b) The Big Red is also one of the largest traders in illegal firearms (Norinco pistols in particular) in Australia, Malaysia, Thailand and particularly in our very own country – South Africa.
c) The Big Red has refused to date to sign any multilateral agreements that will prevent the export of arms to areas likely to use these for serious human-rights violations.

I hold it to be an outright lie.


3. “ …and one of the most important principles is not to interfere in the internal affairs of other countries” In this particular part of the statement, China conveniently ignores their Red Army’s presence in Zimbabwe.

I hold it to be an outright lie.

China Africa’s Most UNWANTED element
Considering China’s secret history on the beleaguered African continent, their propensity for organized crime, their prevailing parasitical opportunism and the active role they play (albeit hidden from plain sight under most circumstances) in sowing (profitable-for-them) dischord, they are unwanted elements in Africa.

Whatever China touches turns to blood and poverty. This is something that we, who are busy trying to build a New Africa, certainly do not need…

New Destination of Zimbabwe Arms Ship: Angola

Is this a Red Herring or not?
According to the South African Department of Transport, the An Yue Jiang is not going to Mozambique, but to Angola. So, either the Angolans have decided to purchase the arms from the Chinese OR they have decided to assist with the delivery of the arms.

Angola, which is run by an old freedom fighting ally of Mugabe, José Eduardo dos Santos (MPLA), is very likely to allow the weapons and arms to be off-loaded. There are effectively two ways that the arms can be taken into Zimbabwe: Ground and Air

Ground
Once the arms are on terra firma, the logistics of moving the weapons – by road or rail – to Zimbabwe from Angola, which is located on the west coast of Africa, becomes a veritable nightmare. Of all Angola’s neighbours (the Republic of the Congo, the Democratic Republic of the Congo, Namibia, Botswana and Zambia) only Botswana, Namibia and Zambia can provide ground access for the arms shipment to reach Zimbabwe. However, the likelihood of either one of these countries granting permission is smaller than small. In addition, the roads and the railways running through Angola are by and large destroyed and the terrain extremely rough.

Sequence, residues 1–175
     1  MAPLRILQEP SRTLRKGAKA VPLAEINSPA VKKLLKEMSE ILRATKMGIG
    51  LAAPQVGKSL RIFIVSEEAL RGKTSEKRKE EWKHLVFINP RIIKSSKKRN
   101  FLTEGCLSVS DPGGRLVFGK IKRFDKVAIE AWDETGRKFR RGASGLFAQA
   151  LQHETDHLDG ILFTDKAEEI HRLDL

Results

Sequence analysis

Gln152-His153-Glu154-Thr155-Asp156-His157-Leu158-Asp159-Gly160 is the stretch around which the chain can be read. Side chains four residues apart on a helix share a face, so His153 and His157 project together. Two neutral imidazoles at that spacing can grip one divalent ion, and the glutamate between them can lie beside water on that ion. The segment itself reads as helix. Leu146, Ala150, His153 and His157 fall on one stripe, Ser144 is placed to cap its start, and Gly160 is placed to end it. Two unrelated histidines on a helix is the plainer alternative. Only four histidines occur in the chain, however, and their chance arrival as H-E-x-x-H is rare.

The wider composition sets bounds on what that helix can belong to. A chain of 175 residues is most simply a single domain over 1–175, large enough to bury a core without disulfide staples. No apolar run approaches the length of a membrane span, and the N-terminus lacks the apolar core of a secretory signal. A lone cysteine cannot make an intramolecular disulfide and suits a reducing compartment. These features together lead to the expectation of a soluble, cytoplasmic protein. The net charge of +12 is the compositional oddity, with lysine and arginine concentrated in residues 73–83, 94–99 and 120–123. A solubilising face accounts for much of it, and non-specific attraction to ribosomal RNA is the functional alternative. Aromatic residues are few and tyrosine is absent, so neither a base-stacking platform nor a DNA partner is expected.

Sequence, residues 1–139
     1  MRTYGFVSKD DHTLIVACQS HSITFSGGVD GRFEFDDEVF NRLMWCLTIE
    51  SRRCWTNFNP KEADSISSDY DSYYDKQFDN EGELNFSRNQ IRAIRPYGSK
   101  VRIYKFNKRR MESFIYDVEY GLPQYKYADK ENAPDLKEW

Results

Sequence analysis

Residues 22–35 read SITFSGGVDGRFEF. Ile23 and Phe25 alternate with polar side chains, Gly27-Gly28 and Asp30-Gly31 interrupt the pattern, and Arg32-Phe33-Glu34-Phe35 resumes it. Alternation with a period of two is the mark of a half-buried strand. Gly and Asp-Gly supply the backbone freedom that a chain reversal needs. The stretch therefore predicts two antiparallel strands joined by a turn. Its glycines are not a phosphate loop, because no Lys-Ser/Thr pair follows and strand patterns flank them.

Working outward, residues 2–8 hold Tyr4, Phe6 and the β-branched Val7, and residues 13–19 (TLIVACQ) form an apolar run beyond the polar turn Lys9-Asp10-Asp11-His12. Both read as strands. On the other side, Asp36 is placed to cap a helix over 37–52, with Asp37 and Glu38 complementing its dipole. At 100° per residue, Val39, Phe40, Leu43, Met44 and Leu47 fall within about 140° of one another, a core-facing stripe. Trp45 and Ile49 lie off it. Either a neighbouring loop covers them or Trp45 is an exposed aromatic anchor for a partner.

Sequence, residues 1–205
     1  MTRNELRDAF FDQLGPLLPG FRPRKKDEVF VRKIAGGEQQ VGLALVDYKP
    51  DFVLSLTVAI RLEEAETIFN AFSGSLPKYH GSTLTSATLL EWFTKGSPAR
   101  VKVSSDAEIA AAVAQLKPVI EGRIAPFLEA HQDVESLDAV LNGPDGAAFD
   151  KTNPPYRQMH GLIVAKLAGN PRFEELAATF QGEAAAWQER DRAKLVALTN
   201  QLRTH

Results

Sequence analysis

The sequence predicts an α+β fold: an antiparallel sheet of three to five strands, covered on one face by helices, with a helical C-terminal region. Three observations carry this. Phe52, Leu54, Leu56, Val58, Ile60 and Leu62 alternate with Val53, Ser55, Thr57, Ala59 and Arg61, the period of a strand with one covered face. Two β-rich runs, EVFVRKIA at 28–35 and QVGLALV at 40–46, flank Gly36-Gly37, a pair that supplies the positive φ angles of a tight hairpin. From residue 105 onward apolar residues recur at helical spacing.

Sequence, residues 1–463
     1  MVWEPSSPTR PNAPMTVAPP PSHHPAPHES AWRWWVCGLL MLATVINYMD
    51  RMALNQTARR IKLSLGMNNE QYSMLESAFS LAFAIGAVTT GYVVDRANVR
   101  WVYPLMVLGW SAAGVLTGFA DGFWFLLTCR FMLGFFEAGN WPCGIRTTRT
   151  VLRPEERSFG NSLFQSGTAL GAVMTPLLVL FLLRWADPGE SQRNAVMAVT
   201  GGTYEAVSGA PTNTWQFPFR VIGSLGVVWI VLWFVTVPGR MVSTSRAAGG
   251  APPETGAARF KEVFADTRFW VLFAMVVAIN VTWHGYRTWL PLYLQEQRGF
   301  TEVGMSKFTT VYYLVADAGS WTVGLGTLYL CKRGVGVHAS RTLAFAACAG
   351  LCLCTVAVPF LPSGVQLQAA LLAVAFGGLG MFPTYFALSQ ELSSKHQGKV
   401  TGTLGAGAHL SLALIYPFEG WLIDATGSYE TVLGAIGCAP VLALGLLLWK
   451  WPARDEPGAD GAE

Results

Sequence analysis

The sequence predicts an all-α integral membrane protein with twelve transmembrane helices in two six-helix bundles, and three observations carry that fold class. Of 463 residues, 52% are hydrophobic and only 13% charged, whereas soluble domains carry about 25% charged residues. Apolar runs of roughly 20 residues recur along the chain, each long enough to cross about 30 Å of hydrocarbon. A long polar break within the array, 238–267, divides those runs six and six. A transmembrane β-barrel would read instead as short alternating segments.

So, ground simply makes no sense at all.

Air
This is probably the most feasible option – albeit still a territorial infringement. Angola can use on of their state-owned airways or their military aircraft to rapidly move the arms directly to Zimbabwe. The aircraft need not cross the expanse of either Zambian or Namibian (who may retaliate) airspace.

1) They could fly to the southern Angolan border and then turn due east, heading towards the border shared between Namibia and Zambia.
2) The aircraft can then cover the short distance by moving between Zambian and Namibian airspace. This will make retaliation difficult because Namibia cannot shoot at aircraft in Zambian airspace and vice versa.
3) There will probably not be time to retaliate either. The distances from the air force bases to that particular border are vast. Once they become aware of the problem, the aircraft will be safely in Zimbabwean airspace already.

What are the options?
The SALC: The SALC can try to seek remedy from the Angolan courts. The chances of succeeding are minute. The country is fairly corrupt (in my ever-present opinion) and the government kleptocratic.
The Mbeki factor: Mbeki could exert diplomatic pressure on Dos Santos, but considering that he has yet to be seen to exert pressure on any of his former freedom fighting cronies, this could be a cold day in hell.
International pressure: Angola is an OPEC member and a beneficiary of World Bank and IMF funding. Both institutions could use this to stop Angola from allowing the weapons to be transported through the country. The World Bank and the IMF may however feel that it is neither ethical nor appropriate to hold a sovereign country hostage in this way.
Zambia and Namibia: These two countries should call Angola’s bluff: They need to proactively engage with Angola and tell them to keep clear of their air space. They should also illustrate their air presence in the area just to be sure. Not sure that they will do this though….

Red Herring or Not?
Having developed mistrust in what is being said by certain South African dignitaries (Department of Transport representatives included); the whole Angola story has a 50% chance of being fact and a 50% chance of being fiction.

So, those interested in spotting the errant ship, should keep an eagle’s eye on both the Angolan and Mozambique harbours.